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season card
GP Games played - Number of games the team has played
W Wins - Games the team has won, either in regulation or in overtime
L Losses - Games the team has lost in regulation
T Ties - Games that have ended in a tie
PTS Points - Team points, calculated from W, L, T, OTL and SOL; used to determine standings
GF Goals for - Number of goals the team has scored
GA Goals against - Number of goals scored against the team
Montreal Canadiens 80 60 8 12 132 387 171
Los Angeles Kings 80 34 31 15 83 271 241
Pittsburgh Penguins 80 34 33 13 81 240 252
Washington Capitals 80 24 42 14 62 221 307
Detroit Red Wings 80 16 55 9 41 183 309
Season's leaders see the complete stats
GP Games played - Number of games the player has set foot on the ice
G Goals - Number of goals the player has scored
A Assists - Number of goals the player has assisted in
PTS Points - Scoring points, calculated as the sum of G and A
10 Guy Lafleur 80 56 80 136
22 Steve Shutt 80 60 45 105
19 Larry Robinson 77 19 66 85
5 Guy Lapointe 77 25 51 76
25 Jacques Lemaire 75 34 41 75
GP Games played - Number of games the player has set foot on the ice
RECORD Record - Goalie record (W-L-T)
SO Shutouts - Number of games where the goaltender has not allowed a goal
GAA Goals against average - Mean goals-per-game scored on the goaltender
29 Ken Dryden 56 41-6-8 10 2.14
Season results


There was very little room for improvement for the 1976-77 Montreal Canadiens, and with good reason. As it turned out, the only major roster move was Rejean Houle’s return from a three-year excursion in the WHA.

Scotty Bowman’s Habs were the undisputed cream of the NHL crop, losing just eight games all season, and only one on Forum ice. A young team built on speed and scoring talent that featured the tightest defense in the league, they could also take care of themselves when things got physical.

Steve Shutt’s 60 markers, a new team-high, led all NHL snipers and were the most ever by a left winger. Guy Lafleur replicated his 56-goal season and, with 136 points, repeated as Art Ross Trophy recipient and was also awarded the Hart Trophy as NHL MVP. Third and fourth place in scoring ladder went to rearguards Larry Robinson and Guy Lapointe, who combined for 117 points. All four joined netminder, Ken Dryden, as league All-Stars and Robinson also claimed the Norris Trophy as the NHL’s top defenseman.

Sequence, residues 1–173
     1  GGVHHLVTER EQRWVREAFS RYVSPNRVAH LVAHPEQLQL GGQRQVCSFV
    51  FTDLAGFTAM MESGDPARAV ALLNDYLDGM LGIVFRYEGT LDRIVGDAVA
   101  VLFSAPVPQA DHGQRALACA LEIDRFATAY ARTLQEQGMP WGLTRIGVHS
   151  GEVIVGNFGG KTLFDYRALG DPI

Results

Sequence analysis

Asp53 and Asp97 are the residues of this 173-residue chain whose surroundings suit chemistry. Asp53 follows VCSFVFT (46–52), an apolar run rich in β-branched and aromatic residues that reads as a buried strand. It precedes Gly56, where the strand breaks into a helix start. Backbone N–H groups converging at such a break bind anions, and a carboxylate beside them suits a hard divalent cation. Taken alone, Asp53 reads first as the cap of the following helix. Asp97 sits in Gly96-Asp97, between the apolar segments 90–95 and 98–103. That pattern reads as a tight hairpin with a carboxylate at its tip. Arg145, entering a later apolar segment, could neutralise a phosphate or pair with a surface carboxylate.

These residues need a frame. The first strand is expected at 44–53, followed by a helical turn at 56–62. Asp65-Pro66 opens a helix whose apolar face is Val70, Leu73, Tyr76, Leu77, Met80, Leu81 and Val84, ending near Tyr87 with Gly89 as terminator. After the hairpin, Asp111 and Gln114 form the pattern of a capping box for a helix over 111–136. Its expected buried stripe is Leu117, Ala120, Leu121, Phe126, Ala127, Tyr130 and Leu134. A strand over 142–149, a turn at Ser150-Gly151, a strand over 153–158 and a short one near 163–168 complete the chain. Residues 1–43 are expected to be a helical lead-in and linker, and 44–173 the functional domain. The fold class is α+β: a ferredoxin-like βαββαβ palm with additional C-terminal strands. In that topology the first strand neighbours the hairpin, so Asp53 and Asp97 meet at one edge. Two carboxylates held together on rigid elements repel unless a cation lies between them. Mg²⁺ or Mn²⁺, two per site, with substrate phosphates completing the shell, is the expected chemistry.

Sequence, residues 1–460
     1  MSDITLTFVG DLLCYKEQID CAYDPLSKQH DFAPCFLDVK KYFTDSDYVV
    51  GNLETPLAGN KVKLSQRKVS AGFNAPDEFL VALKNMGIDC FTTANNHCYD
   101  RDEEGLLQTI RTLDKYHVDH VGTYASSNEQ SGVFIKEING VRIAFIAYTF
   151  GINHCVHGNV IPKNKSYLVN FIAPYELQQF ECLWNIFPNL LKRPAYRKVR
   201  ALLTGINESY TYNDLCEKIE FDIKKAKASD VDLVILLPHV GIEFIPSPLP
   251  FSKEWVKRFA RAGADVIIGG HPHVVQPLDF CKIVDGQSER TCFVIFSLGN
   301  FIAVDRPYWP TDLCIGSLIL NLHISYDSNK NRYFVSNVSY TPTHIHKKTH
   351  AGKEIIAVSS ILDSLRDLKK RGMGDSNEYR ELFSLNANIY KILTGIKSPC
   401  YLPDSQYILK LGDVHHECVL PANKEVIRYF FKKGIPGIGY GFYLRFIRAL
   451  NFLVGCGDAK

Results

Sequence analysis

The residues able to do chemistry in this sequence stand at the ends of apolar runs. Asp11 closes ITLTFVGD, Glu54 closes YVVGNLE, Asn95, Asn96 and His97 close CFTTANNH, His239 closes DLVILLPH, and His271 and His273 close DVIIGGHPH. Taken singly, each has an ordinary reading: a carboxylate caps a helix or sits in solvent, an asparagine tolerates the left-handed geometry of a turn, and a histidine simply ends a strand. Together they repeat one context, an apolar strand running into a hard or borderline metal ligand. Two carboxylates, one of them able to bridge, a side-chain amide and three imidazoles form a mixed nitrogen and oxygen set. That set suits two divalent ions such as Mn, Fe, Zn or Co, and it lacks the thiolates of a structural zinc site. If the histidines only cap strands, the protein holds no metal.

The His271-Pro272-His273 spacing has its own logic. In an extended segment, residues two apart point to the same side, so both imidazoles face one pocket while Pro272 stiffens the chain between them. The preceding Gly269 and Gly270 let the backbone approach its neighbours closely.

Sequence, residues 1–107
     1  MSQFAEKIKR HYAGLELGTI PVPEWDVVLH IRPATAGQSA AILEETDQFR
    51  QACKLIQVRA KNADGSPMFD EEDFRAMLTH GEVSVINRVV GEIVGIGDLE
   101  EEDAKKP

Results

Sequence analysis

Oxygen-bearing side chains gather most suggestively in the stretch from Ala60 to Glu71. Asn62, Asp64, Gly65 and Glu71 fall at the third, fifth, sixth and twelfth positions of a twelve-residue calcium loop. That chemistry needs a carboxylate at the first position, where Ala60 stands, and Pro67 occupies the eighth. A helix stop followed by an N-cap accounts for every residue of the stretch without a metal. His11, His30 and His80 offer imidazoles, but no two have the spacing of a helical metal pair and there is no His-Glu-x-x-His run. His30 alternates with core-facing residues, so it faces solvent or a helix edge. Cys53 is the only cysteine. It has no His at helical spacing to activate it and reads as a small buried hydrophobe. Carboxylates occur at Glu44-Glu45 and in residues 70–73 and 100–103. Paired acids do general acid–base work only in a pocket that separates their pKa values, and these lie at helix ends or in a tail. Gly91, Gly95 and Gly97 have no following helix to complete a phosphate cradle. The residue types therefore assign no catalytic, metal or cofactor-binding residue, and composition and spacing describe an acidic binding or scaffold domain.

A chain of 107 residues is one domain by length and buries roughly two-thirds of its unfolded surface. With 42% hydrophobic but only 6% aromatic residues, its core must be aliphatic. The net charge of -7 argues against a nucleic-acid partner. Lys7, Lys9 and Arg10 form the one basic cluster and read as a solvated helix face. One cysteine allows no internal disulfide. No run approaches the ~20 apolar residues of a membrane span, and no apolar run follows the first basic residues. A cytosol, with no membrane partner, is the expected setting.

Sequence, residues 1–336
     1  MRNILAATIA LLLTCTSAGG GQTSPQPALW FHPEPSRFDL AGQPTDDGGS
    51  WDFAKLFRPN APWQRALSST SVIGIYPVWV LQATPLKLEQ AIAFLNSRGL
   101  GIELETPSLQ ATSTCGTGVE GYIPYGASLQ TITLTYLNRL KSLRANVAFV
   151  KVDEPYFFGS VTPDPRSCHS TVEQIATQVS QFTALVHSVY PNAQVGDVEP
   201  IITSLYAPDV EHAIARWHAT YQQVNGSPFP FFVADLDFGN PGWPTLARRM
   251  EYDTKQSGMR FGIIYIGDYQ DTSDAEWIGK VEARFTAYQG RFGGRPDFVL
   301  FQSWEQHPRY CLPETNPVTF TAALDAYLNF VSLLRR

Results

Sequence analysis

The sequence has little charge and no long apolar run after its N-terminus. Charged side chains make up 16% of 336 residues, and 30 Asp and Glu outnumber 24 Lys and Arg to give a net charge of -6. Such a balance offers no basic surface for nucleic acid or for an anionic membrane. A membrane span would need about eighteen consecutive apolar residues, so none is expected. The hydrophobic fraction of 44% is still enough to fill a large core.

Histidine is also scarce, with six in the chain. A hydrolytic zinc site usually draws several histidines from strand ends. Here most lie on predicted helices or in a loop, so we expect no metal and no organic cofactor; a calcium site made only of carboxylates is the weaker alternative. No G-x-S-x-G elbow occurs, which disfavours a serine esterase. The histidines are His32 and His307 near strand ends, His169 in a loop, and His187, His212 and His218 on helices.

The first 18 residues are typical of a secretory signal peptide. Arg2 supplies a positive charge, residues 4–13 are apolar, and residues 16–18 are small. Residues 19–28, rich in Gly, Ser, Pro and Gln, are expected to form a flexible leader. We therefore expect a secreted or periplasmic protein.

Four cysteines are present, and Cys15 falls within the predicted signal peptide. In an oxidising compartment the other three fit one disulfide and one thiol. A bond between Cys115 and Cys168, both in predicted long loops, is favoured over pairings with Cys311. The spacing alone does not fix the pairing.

Ten Canadiens recorded 50 points or more as Montreal’s youthful supporting cast of grinders, speedsters and defensive specialists continued to develop, lessening the impact of injuries that kept captain Yvan Cournoyer from 20 regular season games and all of the postseason.

Ken Dryden’s 10 shutouts led all NHL netminders and his 2.14 goals-against average was good enough for second in that department. Michel Larocque shared Vezina Trophy honors with his tall stablemate, relieving him for 26 games and allowing an average of only 2.09 goals per game.

Montreal went 60-8-12, scoring 216 goals more than they allowed. The most impressive feat was the Habs’ whopping 132 point total, which set a league record which still stands today. The Canadiens ran away from the pack, finishing 20 points ahead of the Flyers, second overall in the NHL and a whopping 49 points ahead of the Norris Division runner-up, Los Angeles Kings.

In what was a surprise to no one, Scotty Bowman was named as the NHL’s top coach, capturing the Jack Adams Trophy for  getting the best out of the greatest team ever assembled.


The spring of 1977 had a sense of deja vu to it. The Blues fared no better than the Blackhawks had a year earlier, as Montreal cruised to the semis in just four games, outscoring the Blues 19-4.

Like a year earlier, the only bumps on Montreal’s road to Lord Stanley’s Cup came courtesy of the New York Islanders, a youthful team on the rise led by youngsters Denis Potvin and Bryan Trottier.

Montreal took an early lead with 4-3 and 3-0 wins before dropping game three on Long Island. Momentum shifted to the visitors for the rest of the series with Dryden’s second shutout of the semis, the 4-0 victory putting Montreal a game away from the Finals.

The Isles briefly postponed the inevitable with a 4-3 overtime victory, but Montreal won last game of the series 2-1 to go on to the Finals against the Boston Bruins.

Opening with a 7-3 win, Montreal reverted to defense to take the second game, and Ken Dryden closed the door to post his third playoff shutout in a 3-0 whitewashing.

Playing at home didn’t change the Bruins’ fortunes. Allowing their guests a three-goal lead before replying, they ended the night on the losing end of a 4-2 decision in Game 3.

Boston took the fourth game into overtime with the teams tied at a goal apiece. Four and a half minutes later, Jacques Lemaire ended the series with his third game-winning goal of the postseason as the Montreal Canadiens hoisted a second Stanley Cup in as many years to cap their dream season.
The playoffs roadmap
Quarter-finals - St. Louis Blues
Date AWAY   HOME  
April 11th, 1977 STL 2 MTL 7  
April 13th, 1977 STL 0 MTL 3  
April 16th, 1977 MTL 5 STL 1  
April 17th, 1977 MTL 4 STL 1  
Canadiens won best-of-seven series 4-0
Semi-finals - New York Islanders
Date AWAY   HOME  
April 23rd, 1977 NYI 3 MTL 4  
April 26th, 1977 NYI 0 MTL 3  
April 28th, 1977 MTL 3 NYI 5  
April 30th, 1977 MTL 4 NYI 0  
May 3rd, 1977 NYI 4 MTL 3  
May 5th, 1977 MTL 2 NYI 1  
Canadiens won best-of-seven series 4-2
Stanley Cup Finals - Boston Bruins
Date AWAY   HOME  
May 7th, 1977 BOS 3 MTL 7  
May 10th, 1977 BOS 0 MTL 3  
May 12th, 1977 MTL 4 BOS 2  
May 14th, 1977 MTL 2 BOS 1  
Canadiens won best-of-seven series 4-0